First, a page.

III. Cost and competitive pressures motivate clinics to offload appropriate portions of medical care onto the patient, to reduce clinic workload and increase patient involvement. This involves human systems (patient), medical (providers), IT and video-tele-medicine, device engineers who design remote and automated monitoring of patients, pharmacy experts, and population health experts. Multidisciplinary integration is the key to success. SE provides user-friendly visual tools for designing integrated architectures of such new systems.
IV. Advanced population health relies on evidence provided from “data mining” from huge databases of healthcare records. This calls for advanced statistics and data extraction and management which are subject to rigorous HIPAA regulations.
Interfaces between electronic health records, IT tools, medical
researchers, and statisticians are complex and benefit from
V. New medical devices, some carried on or implanted
into the patient, now can transmit their radio signals to
Electronic Health Records (EHR). For this system to work, tight
integration is needed among device engineering, medicine,
radio communications and cybersecurity, EHR/IT, and clinical
management. Again, SE is a powerful tool for integration.
VI. Increasingly complex diagnostics (Dx) is already
reaching cognitive limits of physicians. There is a desperate
need for truly user-friendly computer-aided Dx tool. It would
be a folly to design such tools without SE. Also, diagnosis of
many conditions benefits from real-time consultations of
specialists, which requires re-architecting of clinics to enable
easy videoconferencing with specialists and real-time teaming.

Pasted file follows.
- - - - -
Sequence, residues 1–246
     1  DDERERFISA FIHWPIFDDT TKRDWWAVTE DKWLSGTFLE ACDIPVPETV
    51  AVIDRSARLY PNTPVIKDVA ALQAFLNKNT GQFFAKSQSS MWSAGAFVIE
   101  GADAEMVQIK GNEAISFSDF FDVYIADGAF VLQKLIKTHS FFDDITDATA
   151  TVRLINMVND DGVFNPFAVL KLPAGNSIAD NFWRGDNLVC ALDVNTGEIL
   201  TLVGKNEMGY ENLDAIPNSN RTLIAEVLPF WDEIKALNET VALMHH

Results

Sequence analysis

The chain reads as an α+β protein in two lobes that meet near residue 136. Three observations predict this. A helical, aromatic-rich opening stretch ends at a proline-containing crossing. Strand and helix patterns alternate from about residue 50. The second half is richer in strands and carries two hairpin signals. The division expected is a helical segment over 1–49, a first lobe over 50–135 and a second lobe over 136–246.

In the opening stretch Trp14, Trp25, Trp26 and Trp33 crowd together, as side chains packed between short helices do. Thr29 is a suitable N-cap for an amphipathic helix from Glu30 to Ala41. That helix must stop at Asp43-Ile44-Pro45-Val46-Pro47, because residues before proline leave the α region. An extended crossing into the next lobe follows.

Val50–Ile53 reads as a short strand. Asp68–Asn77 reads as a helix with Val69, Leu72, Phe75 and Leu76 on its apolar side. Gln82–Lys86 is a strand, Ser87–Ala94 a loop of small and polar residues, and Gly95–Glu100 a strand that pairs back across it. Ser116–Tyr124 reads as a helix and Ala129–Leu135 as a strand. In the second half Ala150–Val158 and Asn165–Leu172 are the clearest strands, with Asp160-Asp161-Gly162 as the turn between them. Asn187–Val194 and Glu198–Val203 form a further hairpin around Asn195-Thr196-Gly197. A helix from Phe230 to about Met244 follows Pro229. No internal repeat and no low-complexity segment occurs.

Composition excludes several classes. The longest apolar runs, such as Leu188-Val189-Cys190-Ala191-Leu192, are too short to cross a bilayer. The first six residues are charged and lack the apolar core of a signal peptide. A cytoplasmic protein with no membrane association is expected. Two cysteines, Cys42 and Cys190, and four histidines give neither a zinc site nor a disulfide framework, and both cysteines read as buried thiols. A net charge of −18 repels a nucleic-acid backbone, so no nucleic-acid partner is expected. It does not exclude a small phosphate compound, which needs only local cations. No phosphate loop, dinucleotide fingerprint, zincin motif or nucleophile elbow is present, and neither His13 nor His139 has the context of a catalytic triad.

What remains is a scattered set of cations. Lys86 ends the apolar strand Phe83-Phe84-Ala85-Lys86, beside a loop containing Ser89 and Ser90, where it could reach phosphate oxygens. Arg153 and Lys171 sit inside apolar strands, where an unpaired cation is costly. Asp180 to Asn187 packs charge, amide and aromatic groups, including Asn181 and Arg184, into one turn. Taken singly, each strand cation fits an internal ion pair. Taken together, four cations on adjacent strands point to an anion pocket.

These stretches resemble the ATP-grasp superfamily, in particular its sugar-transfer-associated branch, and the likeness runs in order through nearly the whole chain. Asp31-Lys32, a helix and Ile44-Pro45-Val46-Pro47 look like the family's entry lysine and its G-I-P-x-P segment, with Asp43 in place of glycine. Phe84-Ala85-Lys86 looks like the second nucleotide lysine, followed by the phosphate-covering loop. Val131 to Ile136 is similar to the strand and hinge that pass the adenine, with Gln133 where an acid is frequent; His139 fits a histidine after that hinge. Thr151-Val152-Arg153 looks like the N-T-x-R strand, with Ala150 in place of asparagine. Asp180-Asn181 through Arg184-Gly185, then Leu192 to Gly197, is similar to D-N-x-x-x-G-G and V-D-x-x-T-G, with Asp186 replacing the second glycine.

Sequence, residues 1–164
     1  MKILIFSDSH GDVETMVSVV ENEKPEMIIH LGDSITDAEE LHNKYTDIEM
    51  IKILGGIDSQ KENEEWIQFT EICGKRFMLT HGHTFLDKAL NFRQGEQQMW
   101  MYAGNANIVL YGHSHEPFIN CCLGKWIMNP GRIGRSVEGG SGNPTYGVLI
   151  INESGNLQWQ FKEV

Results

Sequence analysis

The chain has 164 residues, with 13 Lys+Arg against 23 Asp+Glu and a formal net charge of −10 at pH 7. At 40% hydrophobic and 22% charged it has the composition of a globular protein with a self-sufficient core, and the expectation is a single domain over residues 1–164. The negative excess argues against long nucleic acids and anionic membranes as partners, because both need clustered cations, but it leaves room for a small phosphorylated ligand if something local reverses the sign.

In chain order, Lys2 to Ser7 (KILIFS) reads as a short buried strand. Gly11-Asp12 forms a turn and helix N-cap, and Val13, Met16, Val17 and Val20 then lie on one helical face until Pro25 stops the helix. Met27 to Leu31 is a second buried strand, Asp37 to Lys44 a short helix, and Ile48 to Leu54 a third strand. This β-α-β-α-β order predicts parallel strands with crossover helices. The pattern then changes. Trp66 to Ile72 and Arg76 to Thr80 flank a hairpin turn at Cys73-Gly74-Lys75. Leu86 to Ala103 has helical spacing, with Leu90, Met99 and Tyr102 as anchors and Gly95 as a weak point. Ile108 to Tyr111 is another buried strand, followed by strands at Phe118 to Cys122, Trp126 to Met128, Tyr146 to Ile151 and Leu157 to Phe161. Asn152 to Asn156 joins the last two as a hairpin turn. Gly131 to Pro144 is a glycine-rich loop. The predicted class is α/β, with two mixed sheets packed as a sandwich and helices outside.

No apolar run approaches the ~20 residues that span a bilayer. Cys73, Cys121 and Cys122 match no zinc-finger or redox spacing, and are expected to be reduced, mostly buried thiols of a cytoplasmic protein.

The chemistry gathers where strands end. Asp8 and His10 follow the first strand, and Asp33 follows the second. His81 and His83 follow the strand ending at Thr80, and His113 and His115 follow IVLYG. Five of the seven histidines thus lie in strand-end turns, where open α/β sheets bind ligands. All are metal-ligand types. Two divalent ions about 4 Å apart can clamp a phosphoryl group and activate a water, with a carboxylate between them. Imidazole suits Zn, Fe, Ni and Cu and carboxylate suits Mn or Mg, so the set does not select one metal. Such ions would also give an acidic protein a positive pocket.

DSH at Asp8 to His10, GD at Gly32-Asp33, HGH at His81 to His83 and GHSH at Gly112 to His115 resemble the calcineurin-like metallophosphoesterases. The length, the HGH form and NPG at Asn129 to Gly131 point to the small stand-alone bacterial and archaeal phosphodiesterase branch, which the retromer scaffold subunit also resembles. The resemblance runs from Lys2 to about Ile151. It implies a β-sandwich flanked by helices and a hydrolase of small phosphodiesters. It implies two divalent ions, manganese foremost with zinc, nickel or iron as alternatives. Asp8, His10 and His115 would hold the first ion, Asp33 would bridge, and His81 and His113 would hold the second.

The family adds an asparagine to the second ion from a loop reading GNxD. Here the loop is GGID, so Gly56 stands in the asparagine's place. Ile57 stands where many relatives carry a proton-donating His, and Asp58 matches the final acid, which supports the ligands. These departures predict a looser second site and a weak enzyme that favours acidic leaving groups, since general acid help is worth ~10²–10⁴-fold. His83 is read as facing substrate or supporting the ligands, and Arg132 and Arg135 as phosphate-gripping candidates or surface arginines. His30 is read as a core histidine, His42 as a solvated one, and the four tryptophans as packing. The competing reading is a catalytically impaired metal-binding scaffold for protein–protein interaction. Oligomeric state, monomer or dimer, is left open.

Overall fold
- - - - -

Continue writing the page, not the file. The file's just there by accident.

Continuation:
SE provides powerful system architecting tools.
VII. The significant shortage of both nurses and general
practitioners in the U.S., and the myopic medical-only education
of providers call for tighter integration of medical and nursing
education, educational funding mechanisms, healthcare
institutions, and systems engineers. The solution would benefit
from well-integrated cooperation of the above parties for the
benefit of all. Leading healthcare institutions now ask medical
students to take some education in SE. Some large institutions,
such as Kaiser Permanente, design their own medical schools
Clearly the scope of these challenges far exceeds the traditional
skillset of healthcare administrators, public health, and medical
professionals. Without SE such projects risk unnecessary
iterations, delays, busted budgets, frustrations of stakeholders,
and often failure or diminished performance. In contrast, SE
provides a rigorous process of identifying stakeholders, goals
and interface management, systems thinking, design thinking,
risk management, project management, excellent coordination,
and, most importantly, integration of subsystems into a verified
and validated working system.
The increasing need for SE in healthcare recently gave
rise to a new sub-discipline of SE called Healthcare Systems
Engineering (HSE). Besides SE and project management, it
includes knowledge of specific applications in healthcare, such
as patient safety systems, healthcare IT and EHR, healthcare
integration, medical device systems, healthcare delivery systems,
systems thinking in healthcare, healthcare systems architecting,
healthcare system modelling and simulations, and population
health systems. Most of the healthcare industry still lacks the
appreciation of the immense potential of HSE in addressing
healthcare challenges, but the situation is improving. The
International Council on Systems Engineering, the professional
society of SE, has created a new Healthcare Working Group. The
Society of Healthcare Systems Improvement has adopted SE
approaches. And at the time of this writing, five U.S. universities
have opened graduate programs in HSE. Let us hope in a few
years HSE will be a “household term” in healthcare industry.